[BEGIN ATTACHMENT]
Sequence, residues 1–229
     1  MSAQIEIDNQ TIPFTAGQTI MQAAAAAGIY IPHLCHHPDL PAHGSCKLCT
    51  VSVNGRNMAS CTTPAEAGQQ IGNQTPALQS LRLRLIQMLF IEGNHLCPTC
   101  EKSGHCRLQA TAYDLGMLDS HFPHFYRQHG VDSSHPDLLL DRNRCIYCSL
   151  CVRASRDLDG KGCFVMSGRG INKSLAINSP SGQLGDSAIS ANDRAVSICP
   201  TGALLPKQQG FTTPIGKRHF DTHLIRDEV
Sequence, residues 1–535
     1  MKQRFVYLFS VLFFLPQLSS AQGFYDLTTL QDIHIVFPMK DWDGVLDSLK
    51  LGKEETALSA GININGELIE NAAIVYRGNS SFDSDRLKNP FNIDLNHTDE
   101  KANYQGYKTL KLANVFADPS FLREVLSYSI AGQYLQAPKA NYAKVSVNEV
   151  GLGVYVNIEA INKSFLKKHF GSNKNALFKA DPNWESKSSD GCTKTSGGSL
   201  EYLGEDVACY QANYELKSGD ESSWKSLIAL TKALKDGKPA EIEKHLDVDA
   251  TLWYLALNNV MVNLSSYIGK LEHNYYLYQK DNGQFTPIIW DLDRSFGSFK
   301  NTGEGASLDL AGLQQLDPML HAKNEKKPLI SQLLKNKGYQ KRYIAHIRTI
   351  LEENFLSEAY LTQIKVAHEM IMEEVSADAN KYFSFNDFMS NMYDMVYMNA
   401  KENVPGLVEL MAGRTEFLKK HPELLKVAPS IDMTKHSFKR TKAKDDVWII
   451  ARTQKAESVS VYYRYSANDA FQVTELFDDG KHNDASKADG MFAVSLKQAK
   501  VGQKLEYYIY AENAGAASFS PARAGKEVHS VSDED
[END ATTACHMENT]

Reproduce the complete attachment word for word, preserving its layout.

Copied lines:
Sequence, residues 1–229
     1  MSAQIEIDNQ TIPFTAGQTI MQAAAAAGIY IPHLCHHPDL PAHGSCKLCT
    51  VSVNGRNMAS CTTPAEAGQQ IGNQTPALQS LRLRLIQMLF IEGNHLCPTC
   101  EKSGHCRLQA TAYDLGMLDS HFPHFYRQHG VDSSHPDLLL DRNRCIYCSL
   151  CVRASRDLDG KGCFVMSGRG INKSLAINSP SGQLGDSAIS ANDRAVSICP
   201  TGALLPKQQG FTTPIGKRHF DTHLIRDEV
Sequence, residues 1–535
     1  MKQRFVYLFS VLFFLPQLSS AQGFYDLTTL QDIHIVFPMK DWDGVLDSLK
    51  LGKEETALSA GININGELIE NAAIVYRGNS SFDSDRLKNP FNIDLNHTDE
   101  KANYQGYKTL KLANVFADPS FLREVLSYSI AGQYLQAPKA NYAKVSVNEV
   151  GLGVYVNIEA INKSFLKKHF GSNKNALFKA DPNWESKSSD GCTKTSGGSL
   201  EYLGEDVACY QANYELKSGD ESSWKSLIAL TKALKDGKPA EIEKHLDVDA
   251  TLWYLALNNV MVNLSSYIGK LEHNYYLYQK DNGQFTPIIW DLDRSFGSFK
   301  NTGEGASLDL AGLQQLDPML HAKNEKKPLI SQLLKNKGYQ KRYIAHIRTI
   351  LEENFLSEAY LTQIKVAHEM IMEEVSADAN KYFSFNDFMS NMYDMVYMNA
   401  KENVPGLVEL MAGRTEFLKK HPELLKVAPS IDMTKHSFKR TKAKDDVWII
   451  ARTQKAESVS VYYRYSANDA FQVTELFDDG KHNDASKADG MFAVSLKQAK
   501  VGQKLEYYIY AENAGAASFS PARAGKEVHS VSDED